He praised Birmingham City Council for finding ways to cut costs after the authority issued letters known as 188 notices in September, warning that it planned to cut some of the allowances staff receive, including allowances for weekend working, night working and irregular hours.
Mr Pickles said these had been wrongly portrayed as redundancy notices, and highlighted a car parking allowance received by some council staff, which is being reviewed.
“These are 188 notices. They are issued for a variety of reasons. For example, Birmingham has issued 188 notices to 26,000 of their workforce. And I have noticed, I think it was GMB, was saying these people faced potential redundancy.
“Actually it’s not, it’s about car parking. So you issue these kind of notices to change the conditions.”
A GMB statement in July claimed that Birmingham council staff are “faced with dismissal unless they accept huge pay cuts”, a reference to cuts in their allowances.
However, a statement by the city council seems to endorse the union’s view. It states that “one of the possible outcomes at this stage may be to dismiss employees and then to re-engage on new contracts of employment”.
Staff who refuse the new contracts will therefore be out of a job.
Mr Pickles admitted authorities would be forced to cut jobs.
Referring to councils across the country, he admitted: “I do expect a significant number of posts to go. And clearly I am looking towards a fair amount of redundancies among chief executives and among top officials. Because clearly to get the benefit of joint working you need an awful lot less chiefs.”
He praised councils who were looking for ways of sharing services. These include Black Country authorities in Sandwell, Dudley, Walsall and Wolverhampton, which are working together on plans to share Trading Standards and IT services, and possibly emergency planning, health and safety, public health and some children’s services too.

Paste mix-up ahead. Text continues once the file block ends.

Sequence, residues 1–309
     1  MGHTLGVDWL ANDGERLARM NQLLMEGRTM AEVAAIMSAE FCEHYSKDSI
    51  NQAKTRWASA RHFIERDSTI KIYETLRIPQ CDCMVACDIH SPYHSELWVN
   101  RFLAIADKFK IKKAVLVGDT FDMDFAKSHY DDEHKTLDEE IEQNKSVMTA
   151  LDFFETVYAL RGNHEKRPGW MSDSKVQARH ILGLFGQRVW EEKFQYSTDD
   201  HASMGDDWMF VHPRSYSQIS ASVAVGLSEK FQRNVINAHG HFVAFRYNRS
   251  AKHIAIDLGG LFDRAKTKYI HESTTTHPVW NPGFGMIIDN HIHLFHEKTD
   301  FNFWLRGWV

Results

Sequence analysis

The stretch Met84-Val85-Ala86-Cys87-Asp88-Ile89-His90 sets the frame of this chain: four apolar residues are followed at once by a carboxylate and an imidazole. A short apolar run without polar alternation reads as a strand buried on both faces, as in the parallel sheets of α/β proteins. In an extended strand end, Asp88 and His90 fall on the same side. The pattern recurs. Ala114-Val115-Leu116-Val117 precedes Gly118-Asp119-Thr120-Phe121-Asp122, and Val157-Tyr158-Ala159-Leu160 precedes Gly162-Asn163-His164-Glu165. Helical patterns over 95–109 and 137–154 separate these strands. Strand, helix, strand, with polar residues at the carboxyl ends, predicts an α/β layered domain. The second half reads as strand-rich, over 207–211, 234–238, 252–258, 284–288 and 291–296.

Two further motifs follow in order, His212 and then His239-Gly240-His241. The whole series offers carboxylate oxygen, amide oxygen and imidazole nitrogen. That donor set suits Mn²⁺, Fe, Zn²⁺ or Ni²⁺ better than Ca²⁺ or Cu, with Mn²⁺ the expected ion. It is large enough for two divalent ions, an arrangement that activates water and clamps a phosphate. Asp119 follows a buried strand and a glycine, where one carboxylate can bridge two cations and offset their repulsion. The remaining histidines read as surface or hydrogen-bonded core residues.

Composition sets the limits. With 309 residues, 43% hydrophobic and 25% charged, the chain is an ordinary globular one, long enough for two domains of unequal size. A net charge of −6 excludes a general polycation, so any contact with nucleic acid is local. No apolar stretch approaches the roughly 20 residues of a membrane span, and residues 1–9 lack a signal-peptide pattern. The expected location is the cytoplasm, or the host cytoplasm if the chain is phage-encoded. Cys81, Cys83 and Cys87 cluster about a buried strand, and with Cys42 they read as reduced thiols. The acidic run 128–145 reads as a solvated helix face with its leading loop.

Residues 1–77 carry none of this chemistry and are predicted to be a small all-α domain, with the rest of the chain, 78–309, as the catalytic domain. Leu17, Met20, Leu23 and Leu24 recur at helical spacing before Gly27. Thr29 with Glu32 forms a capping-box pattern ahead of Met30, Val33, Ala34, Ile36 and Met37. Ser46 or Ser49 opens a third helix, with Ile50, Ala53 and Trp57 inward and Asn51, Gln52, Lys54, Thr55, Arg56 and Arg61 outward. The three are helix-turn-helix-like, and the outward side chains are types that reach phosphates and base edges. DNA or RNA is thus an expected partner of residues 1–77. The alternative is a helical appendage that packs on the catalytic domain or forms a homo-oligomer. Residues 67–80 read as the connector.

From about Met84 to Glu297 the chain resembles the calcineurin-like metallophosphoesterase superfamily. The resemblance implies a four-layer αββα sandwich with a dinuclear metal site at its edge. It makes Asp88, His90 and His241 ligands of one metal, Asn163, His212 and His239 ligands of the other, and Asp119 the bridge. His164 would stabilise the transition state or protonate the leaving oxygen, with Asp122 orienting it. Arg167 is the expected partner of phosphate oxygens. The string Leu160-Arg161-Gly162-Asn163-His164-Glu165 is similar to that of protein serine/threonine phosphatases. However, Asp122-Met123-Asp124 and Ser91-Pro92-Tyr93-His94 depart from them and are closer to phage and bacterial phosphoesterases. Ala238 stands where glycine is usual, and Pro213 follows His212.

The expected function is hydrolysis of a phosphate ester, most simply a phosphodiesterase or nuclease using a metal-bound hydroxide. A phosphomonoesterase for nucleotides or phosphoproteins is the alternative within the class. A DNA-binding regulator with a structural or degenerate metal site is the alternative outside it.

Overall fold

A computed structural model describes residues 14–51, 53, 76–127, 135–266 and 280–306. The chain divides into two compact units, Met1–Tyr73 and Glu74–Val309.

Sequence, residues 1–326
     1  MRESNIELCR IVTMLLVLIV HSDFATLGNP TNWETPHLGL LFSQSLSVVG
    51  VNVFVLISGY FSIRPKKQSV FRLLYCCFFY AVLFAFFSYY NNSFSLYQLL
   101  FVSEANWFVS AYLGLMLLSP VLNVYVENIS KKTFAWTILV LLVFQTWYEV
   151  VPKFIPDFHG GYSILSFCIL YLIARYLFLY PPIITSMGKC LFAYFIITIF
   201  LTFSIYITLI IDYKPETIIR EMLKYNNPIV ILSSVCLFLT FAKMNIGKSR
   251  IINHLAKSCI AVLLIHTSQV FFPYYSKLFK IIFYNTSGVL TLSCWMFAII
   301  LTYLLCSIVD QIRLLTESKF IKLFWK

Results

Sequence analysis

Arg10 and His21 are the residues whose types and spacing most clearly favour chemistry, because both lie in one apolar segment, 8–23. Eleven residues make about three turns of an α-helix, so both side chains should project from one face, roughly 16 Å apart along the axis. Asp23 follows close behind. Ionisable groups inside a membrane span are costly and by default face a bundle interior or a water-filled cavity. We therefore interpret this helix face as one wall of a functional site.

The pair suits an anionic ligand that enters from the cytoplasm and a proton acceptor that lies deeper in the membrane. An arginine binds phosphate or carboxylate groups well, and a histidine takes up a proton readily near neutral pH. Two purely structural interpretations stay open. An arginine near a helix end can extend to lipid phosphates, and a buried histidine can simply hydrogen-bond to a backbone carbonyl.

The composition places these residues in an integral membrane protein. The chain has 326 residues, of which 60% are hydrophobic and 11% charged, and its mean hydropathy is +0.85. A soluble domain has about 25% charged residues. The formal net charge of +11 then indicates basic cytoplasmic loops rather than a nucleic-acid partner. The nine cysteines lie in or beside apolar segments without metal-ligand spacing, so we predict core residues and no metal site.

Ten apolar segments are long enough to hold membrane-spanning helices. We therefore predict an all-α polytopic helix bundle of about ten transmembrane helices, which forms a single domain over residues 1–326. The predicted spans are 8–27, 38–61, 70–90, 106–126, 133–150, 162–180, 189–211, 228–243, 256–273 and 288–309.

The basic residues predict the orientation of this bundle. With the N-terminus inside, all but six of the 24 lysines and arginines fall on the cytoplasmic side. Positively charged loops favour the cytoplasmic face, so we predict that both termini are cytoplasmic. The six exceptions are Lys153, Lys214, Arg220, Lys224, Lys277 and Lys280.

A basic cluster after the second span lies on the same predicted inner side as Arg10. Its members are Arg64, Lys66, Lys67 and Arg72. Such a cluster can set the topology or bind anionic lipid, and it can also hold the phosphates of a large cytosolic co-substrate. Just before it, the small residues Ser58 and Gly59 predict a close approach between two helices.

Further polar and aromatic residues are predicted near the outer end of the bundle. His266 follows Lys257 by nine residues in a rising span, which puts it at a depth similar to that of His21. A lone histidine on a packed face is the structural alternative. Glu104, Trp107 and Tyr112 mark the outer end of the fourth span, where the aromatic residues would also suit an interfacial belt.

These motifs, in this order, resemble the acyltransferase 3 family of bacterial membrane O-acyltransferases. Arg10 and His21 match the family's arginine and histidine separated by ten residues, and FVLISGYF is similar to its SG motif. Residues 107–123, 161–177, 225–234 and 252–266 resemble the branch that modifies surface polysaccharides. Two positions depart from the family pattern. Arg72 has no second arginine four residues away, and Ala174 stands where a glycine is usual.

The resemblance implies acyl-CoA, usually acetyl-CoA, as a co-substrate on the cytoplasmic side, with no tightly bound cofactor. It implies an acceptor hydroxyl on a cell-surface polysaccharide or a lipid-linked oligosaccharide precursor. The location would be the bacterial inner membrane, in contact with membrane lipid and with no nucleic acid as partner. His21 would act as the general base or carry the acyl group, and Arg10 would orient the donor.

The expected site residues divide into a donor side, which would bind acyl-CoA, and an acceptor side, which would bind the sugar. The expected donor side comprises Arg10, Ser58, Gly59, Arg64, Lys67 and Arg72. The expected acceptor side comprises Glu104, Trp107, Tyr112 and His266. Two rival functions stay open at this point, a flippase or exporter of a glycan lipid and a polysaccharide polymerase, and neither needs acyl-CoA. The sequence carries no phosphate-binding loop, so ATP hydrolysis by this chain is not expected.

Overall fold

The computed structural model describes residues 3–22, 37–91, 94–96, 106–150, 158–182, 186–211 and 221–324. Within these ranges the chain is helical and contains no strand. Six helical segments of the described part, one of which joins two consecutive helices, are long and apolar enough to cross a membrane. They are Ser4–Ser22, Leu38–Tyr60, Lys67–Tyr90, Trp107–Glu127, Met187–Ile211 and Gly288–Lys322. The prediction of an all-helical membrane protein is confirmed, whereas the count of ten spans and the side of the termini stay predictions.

Mr Pickles also called on councils to share senior managers, such as chief executives.
“I do believe there are significant savings to be made by merging back office functions. A few authorities have done that.
“I’d like to see them sharing chief executives, I’d like to see them sharing their legal department, their accounts department, their payroll, their IT, their planning, their education support functions, and when they’ve done all that if they feel they have to close libraries then they should come and talk to me again.”
Councils which failed to save money would be punished by voters, he claimed – thanks in part to a new Government directive forcing them to print details of all spending above £500 online.
Ministers hope bloggers will plough through the information and highlight inefficiencies or abuses.
The Government’s plans to create directly-elected mayors have now been confirmed after months of confusion and speculation.
Mr Pickles said he accepted that plans to turn existing council leaders into “shadow mayors” might give them an advantage when an election is held.
He said: “Of course it will give them an advantage but I strongly suspect, as we’ve found in those mayors that have been successful, that often they come outside the existing political machine. Of course if someone wanted to put something back in public life this is quote an attractive proposition.’’